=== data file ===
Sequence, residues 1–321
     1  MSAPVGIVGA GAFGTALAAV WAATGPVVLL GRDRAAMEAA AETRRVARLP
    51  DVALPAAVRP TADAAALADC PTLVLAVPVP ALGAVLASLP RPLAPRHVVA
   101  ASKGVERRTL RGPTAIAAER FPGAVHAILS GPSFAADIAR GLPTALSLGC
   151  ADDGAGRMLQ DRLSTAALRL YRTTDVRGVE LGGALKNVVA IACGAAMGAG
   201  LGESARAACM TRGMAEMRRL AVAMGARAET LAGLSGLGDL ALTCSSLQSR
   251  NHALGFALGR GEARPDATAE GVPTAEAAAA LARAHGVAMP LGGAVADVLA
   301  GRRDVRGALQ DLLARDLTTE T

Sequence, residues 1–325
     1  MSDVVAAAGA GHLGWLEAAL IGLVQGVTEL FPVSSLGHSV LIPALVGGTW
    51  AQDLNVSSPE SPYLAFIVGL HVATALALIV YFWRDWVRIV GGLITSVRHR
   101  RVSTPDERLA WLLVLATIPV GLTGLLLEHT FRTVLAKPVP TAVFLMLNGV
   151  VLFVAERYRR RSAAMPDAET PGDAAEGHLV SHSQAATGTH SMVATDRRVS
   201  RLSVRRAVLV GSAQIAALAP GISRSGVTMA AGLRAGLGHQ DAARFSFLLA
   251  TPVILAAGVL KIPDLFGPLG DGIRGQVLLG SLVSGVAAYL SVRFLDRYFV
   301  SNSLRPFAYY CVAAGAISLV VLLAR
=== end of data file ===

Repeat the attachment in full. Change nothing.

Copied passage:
Sequence, residues 1–321
     1  MSAPVGIVGA GAFGTALAAV WAATGPVVLL GRDRAAMEAA AETRRVARLP
    51  DVALPAAVRP TADAAALADC PTLVLAVPVP ALGAVLASLP RPLAPRHVVA
   101  ASKGVERRTL RGPTAIAAER FPGAVHAILS GPSFAADIAR GLPTALSLGC
   151  ADDGAGRMLQ DRLSTAALRL YRTTDVRGVE LGGALKNVVA IACGAAMGAG
   201  LGESARAACM TRGMAEMRRL AVAMGARAET LAGLSGLGDL ALTCSSLQSR
   251  NHALGFALGR GEARPDATAE GVPTAEAAAA LARAHGVAMP LGGAVADVLA
   301  GRRDVRGALQ DLLARDLTTE T

Sequence, residues 1–325
     1  MSDVVAAAGA GHLGWLEAAL IGLVQGVTEL FPVSSLGHSV LIPALVGGTW
    51  AQDLNVSSPE SPYLAFIVGL HVATALALIV YFWRDWVRIV GGLITSVRHR
   101  RVSTPDERLA WLLVLATIPV GLTGLLLEHT FRTVLAKPVP TAVFLMLNGV
   151  VLFVAERYRR RSAAMPDAET PGDAAEGHLV SHSQAATGTH SMVATDRRVS
   201  RLSVRRAVLV GSAQIAALAP GISRSGVTMA AGLRAGLGHQ DAARFSFLLA
   251  TPVILAAGVL KIPDLFGPLG DGIRGQVLLG SLVSGVAAYL SVRFLDRYFV
   301  SNSLRPFAYY CVAAGAISLV VLLAR